Orewa College

Orewa College had their application for Ministry of Education funds to work with Field-Based STEM approved – receiving 120 hours of support to create a field based local curriculum alongside the College’s thriving Outdoor Education programme.

“Applying for this PLD was really straightforward. Tony takes time to discuss what you are looking for from field based STEM and then talks you through the application process. I’m excited about the resources we are going to create from this” – Matt Harrison, Lead Teacher

For more information on how your school can access these funds, click:

https://FieldBasedSTEMinYourRegion.as.me/MOEfundedPLD

APPROVED – 120 hours

Orewa College Application

How has consultation informed your thinking?

Kāhui Ako in-school leaders worked with SLT and PLD provider with the aim of further developing our cross-curricular initiatives (PBL learning) while also boosting our local curriculum.

Outline the growth that you are trying to achieve

Orewa College staff wish to build upon the benefits already identified as a result of our recent exploration of developing an integrated Local Curriculum. Although there have been some good examples of collaboration, in general this involves individuals linking up in a patch work manner. We want to broaden this integrated Local Curriculum to encompass more parts of the curriculum. In particular, we want a curriculum plan that is culturally responsive and recognises and motivates all of our taiohi, 14% of whom are Māori. We have identified in broad terms that we want to incorporate more sites and contexts from the schools surrounding local environment and the potential for others further afield. We would like help selecting sites and developing course outlines and resources that lend themselves to an Inquiry Learning approach whilst simultaneously showing progression through the Curriculum. We want sites that present themselves for affective, participatory project based learning such as environmental restoration (natural and cultural) and that have a history that we can embrace to extend and enrich our collective knowledge of mātauranga Māori, tauiwi settlement and modern day scientific accounts about the origins of the region. We are keen to explore how this knowledge helps us better understand the whakapapa and biodiversity of our region and community. We want to promote a pedagogical culture that embraces the concept of tuakana/taina and build a framework for student inquiry that involves problem solving, student voice, leadership opportunities, education outside of the classroom and the use of digital technologies to create and connect.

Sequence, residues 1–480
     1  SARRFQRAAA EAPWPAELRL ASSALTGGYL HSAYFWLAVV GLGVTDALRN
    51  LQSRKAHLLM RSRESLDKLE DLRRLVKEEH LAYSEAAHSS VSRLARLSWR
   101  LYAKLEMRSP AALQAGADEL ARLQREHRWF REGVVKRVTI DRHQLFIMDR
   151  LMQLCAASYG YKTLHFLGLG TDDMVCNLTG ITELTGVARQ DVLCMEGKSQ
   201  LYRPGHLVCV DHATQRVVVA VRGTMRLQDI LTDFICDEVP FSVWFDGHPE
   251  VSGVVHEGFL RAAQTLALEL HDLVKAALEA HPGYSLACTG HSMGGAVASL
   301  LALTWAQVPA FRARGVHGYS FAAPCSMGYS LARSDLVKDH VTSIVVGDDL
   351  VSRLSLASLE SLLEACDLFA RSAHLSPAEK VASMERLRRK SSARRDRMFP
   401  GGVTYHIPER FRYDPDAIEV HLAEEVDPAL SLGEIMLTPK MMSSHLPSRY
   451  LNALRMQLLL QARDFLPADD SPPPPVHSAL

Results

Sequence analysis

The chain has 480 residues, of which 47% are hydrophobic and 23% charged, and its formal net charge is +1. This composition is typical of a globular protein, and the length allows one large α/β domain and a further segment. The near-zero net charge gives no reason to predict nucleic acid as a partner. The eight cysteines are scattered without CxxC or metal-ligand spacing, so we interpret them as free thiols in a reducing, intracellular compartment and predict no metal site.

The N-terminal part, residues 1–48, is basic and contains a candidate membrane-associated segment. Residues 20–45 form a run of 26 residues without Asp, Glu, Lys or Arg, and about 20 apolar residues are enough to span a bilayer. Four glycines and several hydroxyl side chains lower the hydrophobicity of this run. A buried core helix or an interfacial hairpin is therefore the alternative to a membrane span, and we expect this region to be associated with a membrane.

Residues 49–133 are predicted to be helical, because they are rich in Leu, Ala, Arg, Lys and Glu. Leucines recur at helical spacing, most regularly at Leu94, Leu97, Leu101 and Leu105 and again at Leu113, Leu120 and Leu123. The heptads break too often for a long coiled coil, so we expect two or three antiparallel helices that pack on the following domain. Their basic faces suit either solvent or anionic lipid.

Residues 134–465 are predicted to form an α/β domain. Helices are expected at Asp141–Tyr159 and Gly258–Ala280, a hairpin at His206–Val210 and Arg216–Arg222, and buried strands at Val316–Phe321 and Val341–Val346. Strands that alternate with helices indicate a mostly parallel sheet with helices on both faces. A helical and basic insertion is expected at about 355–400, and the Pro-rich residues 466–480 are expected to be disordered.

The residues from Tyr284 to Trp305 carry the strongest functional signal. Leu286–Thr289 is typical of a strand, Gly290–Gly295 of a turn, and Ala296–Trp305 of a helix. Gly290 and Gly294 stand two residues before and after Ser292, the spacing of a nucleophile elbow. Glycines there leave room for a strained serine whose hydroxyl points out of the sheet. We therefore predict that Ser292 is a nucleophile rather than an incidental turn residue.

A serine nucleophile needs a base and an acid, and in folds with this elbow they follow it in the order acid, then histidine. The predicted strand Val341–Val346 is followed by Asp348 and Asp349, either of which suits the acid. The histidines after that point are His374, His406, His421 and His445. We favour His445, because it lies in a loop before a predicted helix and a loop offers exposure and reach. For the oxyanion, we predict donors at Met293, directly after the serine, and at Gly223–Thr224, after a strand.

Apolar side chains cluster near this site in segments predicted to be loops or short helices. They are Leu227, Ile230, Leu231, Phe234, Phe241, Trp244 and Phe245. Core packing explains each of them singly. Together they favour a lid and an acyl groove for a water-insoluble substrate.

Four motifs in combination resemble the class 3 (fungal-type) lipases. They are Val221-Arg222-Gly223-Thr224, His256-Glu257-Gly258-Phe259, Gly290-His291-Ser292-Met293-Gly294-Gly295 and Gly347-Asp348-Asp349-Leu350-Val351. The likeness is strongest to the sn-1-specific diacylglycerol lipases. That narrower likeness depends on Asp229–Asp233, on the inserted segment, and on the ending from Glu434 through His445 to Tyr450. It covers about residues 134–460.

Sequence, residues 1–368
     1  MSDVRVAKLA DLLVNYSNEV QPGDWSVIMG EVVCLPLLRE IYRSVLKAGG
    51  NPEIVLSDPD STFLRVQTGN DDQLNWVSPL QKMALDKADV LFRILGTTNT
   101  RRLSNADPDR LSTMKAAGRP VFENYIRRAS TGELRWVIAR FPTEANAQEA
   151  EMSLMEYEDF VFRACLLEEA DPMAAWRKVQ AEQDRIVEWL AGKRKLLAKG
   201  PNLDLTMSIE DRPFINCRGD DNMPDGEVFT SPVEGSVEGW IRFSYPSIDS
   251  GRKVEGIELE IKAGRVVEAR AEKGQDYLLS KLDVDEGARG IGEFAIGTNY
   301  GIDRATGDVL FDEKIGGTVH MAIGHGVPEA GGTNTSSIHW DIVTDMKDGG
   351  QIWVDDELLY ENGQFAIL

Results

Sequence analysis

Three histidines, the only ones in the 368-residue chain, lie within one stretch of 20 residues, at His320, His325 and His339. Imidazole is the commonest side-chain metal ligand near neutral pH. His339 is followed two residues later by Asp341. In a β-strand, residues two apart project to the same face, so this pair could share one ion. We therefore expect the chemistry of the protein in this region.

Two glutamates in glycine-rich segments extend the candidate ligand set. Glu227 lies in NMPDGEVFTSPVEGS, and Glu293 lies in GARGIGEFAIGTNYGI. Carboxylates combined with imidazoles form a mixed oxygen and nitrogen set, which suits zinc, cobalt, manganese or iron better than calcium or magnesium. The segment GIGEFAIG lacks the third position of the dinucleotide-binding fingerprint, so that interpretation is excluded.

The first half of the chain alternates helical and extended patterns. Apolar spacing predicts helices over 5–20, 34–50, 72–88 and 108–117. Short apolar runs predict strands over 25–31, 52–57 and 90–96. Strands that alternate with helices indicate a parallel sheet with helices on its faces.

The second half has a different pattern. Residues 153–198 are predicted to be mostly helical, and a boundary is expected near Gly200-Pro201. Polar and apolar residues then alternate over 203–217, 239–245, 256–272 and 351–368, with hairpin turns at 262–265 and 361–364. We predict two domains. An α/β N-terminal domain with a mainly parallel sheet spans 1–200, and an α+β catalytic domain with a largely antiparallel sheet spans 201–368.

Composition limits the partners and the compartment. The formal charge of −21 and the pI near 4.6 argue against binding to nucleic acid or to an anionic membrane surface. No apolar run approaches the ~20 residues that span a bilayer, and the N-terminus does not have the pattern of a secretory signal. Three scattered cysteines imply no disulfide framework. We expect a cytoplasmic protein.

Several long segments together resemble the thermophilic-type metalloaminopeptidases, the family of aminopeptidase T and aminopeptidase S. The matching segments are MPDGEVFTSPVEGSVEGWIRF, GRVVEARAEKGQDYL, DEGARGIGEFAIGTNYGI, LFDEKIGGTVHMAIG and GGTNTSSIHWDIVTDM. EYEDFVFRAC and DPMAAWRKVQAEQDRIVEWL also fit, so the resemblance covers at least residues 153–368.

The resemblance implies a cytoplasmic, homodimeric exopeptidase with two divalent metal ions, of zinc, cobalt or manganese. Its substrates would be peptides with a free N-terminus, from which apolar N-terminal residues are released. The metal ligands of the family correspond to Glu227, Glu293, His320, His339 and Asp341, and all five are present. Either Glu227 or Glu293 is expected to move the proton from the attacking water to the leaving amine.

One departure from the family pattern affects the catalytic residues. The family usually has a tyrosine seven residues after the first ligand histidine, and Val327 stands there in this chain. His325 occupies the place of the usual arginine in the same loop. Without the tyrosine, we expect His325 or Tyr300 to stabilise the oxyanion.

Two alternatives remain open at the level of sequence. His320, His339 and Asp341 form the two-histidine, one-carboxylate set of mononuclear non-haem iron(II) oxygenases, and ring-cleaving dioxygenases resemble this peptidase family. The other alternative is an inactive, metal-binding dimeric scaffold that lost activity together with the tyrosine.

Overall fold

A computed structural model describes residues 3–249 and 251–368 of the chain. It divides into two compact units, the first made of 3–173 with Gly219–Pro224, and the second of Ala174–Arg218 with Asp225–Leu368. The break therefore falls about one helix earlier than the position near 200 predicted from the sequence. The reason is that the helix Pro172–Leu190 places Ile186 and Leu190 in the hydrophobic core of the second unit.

Outline your why and your evidence

Our planning to date has provided insight into the many possibilities of a shared vision that is under pinned by a collective desire for a meaningful and rich curriculum that celebrates our special place – at times this is a little overwhelming and we want help with this. We anticipate an increase of sharing of knowledge, ideas and equipment. We are confident that such a curriculum will create equity for our learners for when they leave our school and go into the wider world. In 2020 our college piloted an integrated curriculum at year 9 and 10 this was abandoned halfway through the year and after significant consultation with students, staff and the wider community it was recognised that while the theory behind this approach had merit the implementation was not effective. In 2021 a smaller scale integration project has been implemented where teachers could elect to create a course that was considered to have a natural fit across two curriculum areas. At this stage this is proving more successful however to further develop this and embed it within the college additional support and PLD would be very beneficial.

Outline how you plan to measure the impact of this PLD

Our proposed measurements include: Links to local sites of special interest – eg numbers of students engaging in restoration projects and knowledge gathering activities about those sites Local curriculum development eg develop a framework across the school for how our localised curriculum content will look across the year levels. Partnerships with whanau and community e.g. with; Kahui ako, mana whenua, local community marae, Restore Hibiscus and Bays, Pest Free Hibiscus Coast, local businesses, Auckland City Council, Department of Conservation, Sustainable Coastlines among others Identifying and integrating local, authentic learning opportunities Ongoing feedback from staff and students and where appropriate community groups

Outline how this PLD will contribute to ākonga growth

Ākonga will have a better knowledge of Pūrākau pertaining to our region and be able to link their own pepeha to physical locations (ideally visited) and will therefore have greater empathy with the whenua, awa, repo and roto. By having an appreciation of the whakapapa of the region – its estuary, its rivers its ngahere etc they will gain a greater understanding of their own identity and place in the world. By use of a consistent language across the school ākonga will experience smoother transitions, and increase connections between learning areas, rather than compartmentalised learning. Students will feel empowered to solve problems and move from being reliant on instructional practice to developing independent, confident problem solvers.